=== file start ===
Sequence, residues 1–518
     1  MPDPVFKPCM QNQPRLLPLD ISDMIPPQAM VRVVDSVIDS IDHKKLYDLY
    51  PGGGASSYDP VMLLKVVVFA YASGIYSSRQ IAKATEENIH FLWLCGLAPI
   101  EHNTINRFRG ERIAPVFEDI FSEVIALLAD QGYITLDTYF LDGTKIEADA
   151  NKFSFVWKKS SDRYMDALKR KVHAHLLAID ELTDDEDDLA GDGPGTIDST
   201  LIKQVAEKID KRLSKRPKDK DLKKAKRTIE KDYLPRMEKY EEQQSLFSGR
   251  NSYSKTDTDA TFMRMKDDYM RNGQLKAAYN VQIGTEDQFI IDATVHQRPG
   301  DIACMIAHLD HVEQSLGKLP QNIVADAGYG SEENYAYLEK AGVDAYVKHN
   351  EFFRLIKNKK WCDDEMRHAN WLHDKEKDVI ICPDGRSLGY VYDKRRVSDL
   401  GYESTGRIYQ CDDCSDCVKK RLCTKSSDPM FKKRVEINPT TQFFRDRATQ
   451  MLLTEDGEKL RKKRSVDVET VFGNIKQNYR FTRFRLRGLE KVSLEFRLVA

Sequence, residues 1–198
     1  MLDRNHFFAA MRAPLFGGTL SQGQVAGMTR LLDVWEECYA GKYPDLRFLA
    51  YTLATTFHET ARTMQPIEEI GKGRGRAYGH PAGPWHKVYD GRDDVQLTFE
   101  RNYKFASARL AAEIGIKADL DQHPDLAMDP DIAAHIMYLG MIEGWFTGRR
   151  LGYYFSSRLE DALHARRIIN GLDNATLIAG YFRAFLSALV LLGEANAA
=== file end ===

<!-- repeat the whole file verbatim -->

Sequence, residues 1–518
     1  MPDPVFKPCM QNQPRLLPLD ISDMIPPQAM VRVVDSVIDS IDHKKLYDLY
    51  PGGGASSYDP VMLLKVVVFA YASGIYSSRQ IAKATEENIH FLWLCGLAPI
   101  EHNTINRFRG ERIAPVFEDI FSEVIALLAD QGYITLDTYF LDGTKIEADA
   151  NKFSFVWKKS SDRYMDALKR KVHAHLLAID ELTDDEDDLA GDGPGTIDST
   201  LIKQVAEKID KRLSKRPKDK DLKKAKRTIE KDYLPRMEKY EEQQSLFSGR
   251  NSYSKTDTDA TFMRMKDDYM RNGQLKAAYN VQIGTEDQFI IDATVHQRPG
   301  DIACMIAHLD HVEQSLGKLP QNIVADAGYG SEENYAYLEK AGVDAYVKHN
   351  EFFRLIKNKK WCDDEMRHAN WLHDKEKDVI ICPDGRSLGY VYDKRRVSDL
   401  GYESTGRIYQ CDDCSDCVKK RLCTKSSDPM FKKRVEINPT TQFFRDRATQ
   451  MLLTEDGEKL RKKRSVDVET VFGNIKQNYR FTRFRLRGLE KVSLEFRLVA

Sequence, residues 1–198
     1  MLDRNHFFAA MRAPLFGGTL SQGQVAGMTR LLDVWEECYA GKYPDLRFLA
    51  YTLATTFHET ARTMQPIEEI GKGRGRAYGH PAGPWHKVYD GRDDVQLTFE
   101  RNYKFASARL AAEIGIKADL DQHPDLAMDP DIAAHIMYLG MIEGWFTGRR
   151  LGYYFSSRLE DALHARRIIN GLDNATLIAG YFRAFLSALV LLGEANAA